Let's Make Robots!

Fast robot with encoders

Dead reckoning, line following, maze solving
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I'm building this fast robot for the upcomping LVbots mini-competition, which will include dead-reckoning and looped maze-solving contests.  I'm using:

Total cost, including the custom-cut chassis, would be about $165 from Pololu.

Update: my robot took first place our little dead-reckoning competition, beating a robot with a theoretically much nicer setup (motors with built-in encoders offering 100s of counts per revolution and narrow wheels).  It was able to follow a black line along a complicated, curved path about 8m long, then return to its starting point automatically, missing the point by about 15 cm.  You don't need ultra high resolution encoders for basic navigation - just make sure to calibrate them well!

Here are some pictures of the robot.  On top, the power regulator plugs in to a header on the front of the robot, and that's how I turn it on - power it up and it starts running!  Behind that, the blue board is the baby Orangutan B-328, the brains of the robot.  The B-328 plugs in to female header on the QTR sensor board below, and colored ribbon cable is used to connect everything else.  There's a 3-pin female port on the right side of the B-328 that I use as a serial interface for checking sensors and motors, since the robot has no display or buttons of its own.  The bottom view shows the QTR sensor, ball caster, and the encoders (sandwiched between the motors and the chassis).
Top viewBottom view

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Wow, really nice

this would be a worthy opponent for Pololu's 3pi. As far as I see all components are Pololu parts except the chassis, is it home made? If possible, you should add links to our components library for the components you are using. I would like to see more.

@OddBot  QTR-8RC Reflectance Sensor Array


Okay, I have links to Pololu and to the components library.  This is "home made" in the sense that I designed the chassis myself and soldered the pieces together at home last night, but getting this together is made a lot easier by the fact that I do work at Pololu!  I'm definitely planning to beat the 3pi on speed here - top speed should be about 2 m/s.  Ben has a souped-up 3pi on which he has replaced the motors with 50:1 HP's (and lowered the boost voltage a bit so it's not too crazy), so I need to beat that as well.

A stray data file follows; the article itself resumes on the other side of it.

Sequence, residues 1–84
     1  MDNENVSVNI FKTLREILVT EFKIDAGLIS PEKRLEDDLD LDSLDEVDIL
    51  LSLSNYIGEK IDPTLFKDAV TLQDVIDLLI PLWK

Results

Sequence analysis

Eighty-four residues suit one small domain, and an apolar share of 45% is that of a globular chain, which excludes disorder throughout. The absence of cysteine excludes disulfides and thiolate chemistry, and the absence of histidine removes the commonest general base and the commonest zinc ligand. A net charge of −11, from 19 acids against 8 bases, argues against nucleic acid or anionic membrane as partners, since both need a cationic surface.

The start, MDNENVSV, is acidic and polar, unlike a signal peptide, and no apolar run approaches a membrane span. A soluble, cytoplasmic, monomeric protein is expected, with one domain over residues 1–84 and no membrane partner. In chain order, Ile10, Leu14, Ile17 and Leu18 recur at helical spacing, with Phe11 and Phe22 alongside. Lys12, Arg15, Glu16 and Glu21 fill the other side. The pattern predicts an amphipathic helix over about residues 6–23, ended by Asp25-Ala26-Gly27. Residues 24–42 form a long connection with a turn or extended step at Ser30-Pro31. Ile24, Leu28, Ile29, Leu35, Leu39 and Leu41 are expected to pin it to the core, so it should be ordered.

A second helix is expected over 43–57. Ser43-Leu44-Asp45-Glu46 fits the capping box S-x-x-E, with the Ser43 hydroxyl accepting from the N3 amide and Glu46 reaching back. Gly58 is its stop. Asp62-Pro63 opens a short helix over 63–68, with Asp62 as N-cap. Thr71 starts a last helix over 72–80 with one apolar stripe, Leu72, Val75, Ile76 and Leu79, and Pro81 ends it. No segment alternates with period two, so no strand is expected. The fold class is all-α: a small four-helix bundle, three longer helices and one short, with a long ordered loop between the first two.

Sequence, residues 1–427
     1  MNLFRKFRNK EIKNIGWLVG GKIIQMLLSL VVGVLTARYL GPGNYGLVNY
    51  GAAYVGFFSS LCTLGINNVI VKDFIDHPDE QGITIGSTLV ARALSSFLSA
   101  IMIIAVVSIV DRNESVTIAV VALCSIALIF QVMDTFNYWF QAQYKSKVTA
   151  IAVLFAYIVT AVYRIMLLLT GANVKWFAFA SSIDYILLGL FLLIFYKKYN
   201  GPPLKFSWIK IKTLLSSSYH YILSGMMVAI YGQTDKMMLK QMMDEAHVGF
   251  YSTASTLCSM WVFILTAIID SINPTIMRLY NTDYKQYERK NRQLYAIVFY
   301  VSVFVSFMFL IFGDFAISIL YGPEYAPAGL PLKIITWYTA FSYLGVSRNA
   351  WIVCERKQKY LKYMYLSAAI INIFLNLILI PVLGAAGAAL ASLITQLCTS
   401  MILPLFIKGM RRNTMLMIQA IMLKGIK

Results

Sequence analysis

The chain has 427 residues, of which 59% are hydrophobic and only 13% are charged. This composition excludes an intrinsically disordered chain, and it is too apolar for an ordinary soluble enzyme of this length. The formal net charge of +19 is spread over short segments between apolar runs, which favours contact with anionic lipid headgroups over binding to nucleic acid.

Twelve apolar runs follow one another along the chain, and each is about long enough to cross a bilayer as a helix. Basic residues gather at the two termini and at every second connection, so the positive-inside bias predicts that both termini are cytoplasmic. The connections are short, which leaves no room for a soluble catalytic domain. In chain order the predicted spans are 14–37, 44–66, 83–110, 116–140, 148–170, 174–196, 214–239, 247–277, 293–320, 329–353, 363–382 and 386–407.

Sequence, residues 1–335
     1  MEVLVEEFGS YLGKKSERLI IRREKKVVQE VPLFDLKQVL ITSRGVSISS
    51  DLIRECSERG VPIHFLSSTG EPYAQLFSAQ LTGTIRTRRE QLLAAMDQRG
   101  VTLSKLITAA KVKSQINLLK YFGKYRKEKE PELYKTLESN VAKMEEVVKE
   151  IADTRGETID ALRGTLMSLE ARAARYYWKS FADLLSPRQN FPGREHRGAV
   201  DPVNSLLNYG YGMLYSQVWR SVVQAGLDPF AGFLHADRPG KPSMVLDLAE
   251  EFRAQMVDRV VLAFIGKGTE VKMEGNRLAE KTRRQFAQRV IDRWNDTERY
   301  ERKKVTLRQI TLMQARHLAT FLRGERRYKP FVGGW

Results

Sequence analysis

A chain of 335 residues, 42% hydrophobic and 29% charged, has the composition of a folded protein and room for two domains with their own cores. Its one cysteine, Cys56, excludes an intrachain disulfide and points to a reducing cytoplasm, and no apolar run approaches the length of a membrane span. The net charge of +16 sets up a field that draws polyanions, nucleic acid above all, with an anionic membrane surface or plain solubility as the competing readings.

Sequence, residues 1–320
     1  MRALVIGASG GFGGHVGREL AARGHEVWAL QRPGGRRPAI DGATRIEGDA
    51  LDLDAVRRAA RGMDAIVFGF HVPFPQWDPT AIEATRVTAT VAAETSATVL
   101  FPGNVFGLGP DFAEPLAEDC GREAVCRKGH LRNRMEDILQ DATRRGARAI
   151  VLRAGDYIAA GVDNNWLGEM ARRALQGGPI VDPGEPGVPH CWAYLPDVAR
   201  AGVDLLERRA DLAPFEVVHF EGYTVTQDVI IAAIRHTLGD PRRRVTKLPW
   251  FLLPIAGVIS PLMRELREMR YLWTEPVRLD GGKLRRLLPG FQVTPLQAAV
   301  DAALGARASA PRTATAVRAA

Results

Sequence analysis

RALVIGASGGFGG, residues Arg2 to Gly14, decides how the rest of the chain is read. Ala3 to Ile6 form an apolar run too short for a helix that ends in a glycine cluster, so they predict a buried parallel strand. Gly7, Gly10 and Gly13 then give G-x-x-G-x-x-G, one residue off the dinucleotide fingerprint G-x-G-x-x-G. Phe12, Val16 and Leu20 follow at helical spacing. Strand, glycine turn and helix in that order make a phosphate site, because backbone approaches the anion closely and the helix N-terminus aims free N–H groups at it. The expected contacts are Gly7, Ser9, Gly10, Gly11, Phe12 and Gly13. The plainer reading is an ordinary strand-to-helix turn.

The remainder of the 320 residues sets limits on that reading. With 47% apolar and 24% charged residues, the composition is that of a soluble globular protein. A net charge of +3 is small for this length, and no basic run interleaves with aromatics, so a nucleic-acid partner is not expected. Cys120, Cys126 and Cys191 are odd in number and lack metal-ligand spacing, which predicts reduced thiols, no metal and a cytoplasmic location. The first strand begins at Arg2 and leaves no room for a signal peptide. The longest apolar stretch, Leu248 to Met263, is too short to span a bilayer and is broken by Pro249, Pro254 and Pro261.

Curious about the tires, how grippy are they? Hope it does well for you, look s like fun.
The tires are made of normal rubber, like a car or bike tire, so they have a nice feel but aren't quite as grippy as silicone.  So far I can't do any good high-speed tests because if I switch directly from a speed of 0 to 100 out of 255, the motors draw enough current to instantly reset the microcontroller.  I need to give it some smooth acceleration so that it can get up to speed without ever being completely stalled.

You could try adding this circuit to the robot :


It would drop the voltage to the micro by a diode, but when a heavy draw from the motors occurs (through the boost regulator) the cap should be able to supply the micro briefly until the voltage gets back up. You'd have to size the diode to supply enough current for the micro and any sensors, maybe 200 mA. A 1N5817 might work. Then get a hefty electrolytic, say 470 uF up, to act as a temporary supply for the micro.

Okay, a 47uF capacitor across the power input on the Baby Orangutan did the trick, and this robot can now drive around pretty quickly without shutting down.
It turned out that I also needed 47uF on the battery power line as well; otherwise the regulated voltage output is not stable with varying motor loads.  Dead reckoning with encoders is working well, and I'm moving on to setting up the line sensors!  I'll post a better picture and maybe a movie soon!

I'm planning on making robot like that but without the encoders for my 1st robot. I like yours allot.

I'd love to see a video of this in action if you get the time and it is still put together!